The programmer’s national anthem is ‘AAAAAAAAHH’.

Weinberg

When it comes to statistics, at least for psychologists, SPSS is frequently used. It’s a statistical package originating from the mainframe computer generation, and it is/was widely used. It comes with GUI and you can click away to do the analyses you need to do. But it is also expensive, come with a yearly license, and is … well, not very adaptable. You can do the common stuff, but that’s it.

R, on the other hand, is available for free. It is also much faster, and provides much more options. And it runs via code (usually).

Given I grew up with SPSS, it took a while to get warm with R. It has a rather steep learning curve. But after giving it another shot, I’m impressed. Very impressed. It’s cool. Geek cool. Doing a t-test and getting the output as text you can copy and paste in a paper? R can do that. Using Pythagoras to calculate the mean distance to the target and justify it in the center of a coordinate system? Yup, works as well.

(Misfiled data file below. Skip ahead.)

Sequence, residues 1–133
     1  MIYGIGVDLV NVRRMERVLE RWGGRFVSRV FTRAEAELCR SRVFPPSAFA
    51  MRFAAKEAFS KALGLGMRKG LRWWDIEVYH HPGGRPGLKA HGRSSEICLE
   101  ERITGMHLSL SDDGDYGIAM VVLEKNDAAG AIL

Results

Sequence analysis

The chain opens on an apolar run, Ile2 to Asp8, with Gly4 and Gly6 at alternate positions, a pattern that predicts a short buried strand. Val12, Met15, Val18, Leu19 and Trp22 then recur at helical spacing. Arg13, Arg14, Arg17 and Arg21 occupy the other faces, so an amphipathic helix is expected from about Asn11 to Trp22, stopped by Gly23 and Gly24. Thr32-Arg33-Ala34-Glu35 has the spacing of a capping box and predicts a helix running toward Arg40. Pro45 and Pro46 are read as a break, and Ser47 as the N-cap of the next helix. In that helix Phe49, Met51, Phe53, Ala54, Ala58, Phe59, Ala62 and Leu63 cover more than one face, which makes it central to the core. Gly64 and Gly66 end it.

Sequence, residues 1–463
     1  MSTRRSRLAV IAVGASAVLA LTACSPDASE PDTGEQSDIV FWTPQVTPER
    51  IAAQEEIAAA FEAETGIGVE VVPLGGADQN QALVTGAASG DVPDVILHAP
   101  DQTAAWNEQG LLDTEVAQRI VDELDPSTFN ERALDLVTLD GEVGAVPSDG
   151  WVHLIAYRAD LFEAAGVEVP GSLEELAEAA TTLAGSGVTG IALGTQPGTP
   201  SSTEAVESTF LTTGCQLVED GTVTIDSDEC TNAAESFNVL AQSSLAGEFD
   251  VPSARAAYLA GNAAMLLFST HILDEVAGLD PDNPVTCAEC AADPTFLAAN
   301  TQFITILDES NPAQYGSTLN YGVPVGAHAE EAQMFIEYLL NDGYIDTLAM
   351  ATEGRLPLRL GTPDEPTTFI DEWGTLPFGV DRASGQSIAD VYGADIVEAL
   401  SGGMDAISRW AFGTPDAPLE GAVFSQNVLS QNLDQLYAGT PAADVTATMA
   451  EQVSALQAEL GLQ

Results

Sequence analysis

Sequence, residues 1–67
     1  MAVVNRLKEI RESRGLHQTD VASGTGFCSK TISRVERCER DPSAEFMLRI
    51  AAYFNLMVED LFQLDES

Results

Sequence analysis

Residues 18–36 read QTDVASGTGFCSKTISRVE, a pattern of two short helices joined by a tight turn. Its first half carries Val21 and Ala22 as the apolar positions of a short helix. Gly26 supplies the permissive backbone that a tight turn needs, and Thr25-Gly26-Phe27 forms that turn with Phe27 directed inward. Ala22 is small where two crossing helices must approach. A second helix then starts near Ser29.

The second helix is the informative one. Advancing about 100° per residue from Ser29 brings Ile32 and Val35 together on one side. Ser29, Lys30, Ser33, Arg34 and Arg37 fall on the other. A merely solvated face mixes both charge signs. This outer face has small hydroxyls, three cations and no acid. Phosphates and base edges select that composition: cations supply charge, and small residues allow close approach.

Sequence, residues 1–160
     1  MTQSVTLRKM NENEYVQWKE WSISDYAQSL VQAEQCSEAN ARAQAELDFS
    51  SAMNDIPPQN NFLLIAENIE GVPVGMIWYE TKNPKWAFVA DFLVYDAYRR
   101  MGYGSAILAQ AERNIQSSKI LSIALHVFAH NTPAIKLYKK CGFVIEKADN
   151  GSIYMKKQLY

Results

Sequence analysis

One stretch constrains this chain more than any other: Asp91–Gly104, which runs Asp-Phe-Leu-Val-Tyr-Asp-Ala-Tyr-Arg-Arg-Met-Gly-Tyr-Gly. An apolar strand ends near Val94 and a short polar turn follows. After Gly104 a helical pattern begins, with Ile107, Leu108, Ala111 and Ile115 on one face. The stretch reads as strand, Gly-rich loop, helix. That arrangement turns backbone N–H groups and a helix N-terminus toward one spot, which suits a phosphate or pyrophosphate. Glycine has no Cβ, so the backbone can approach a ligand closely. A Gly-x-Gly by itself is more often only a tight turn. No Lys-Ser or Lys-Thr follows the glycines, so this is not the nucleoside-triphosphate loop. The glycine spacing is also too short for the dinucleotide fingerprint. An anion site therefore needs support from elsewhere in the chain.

And frankly, if you are interested in learning R, I strongly recommend starting with Wickham’s and Grolemund’s “R for Data Science“. It is probably the best book on programming languages I have every read (if you think of R as a programming language). Very well written. And they start with visualization, which is really helpful. Giving that R is rather unforgiving when you make mistakes (note: when, not if). The whole book is accessible online. I also strongly recommend installing not only R but also R Studio, which makes the whole experience much smoother. And yeah, the tidyverse package is really helpful as well. Oh, and the ggplot2-cheatsheet.

So, yeah, highly recommended. It’s fun when statistics becomes interesting again and you go “if I combine x with y and send it to z it should work” … and it *does* work.

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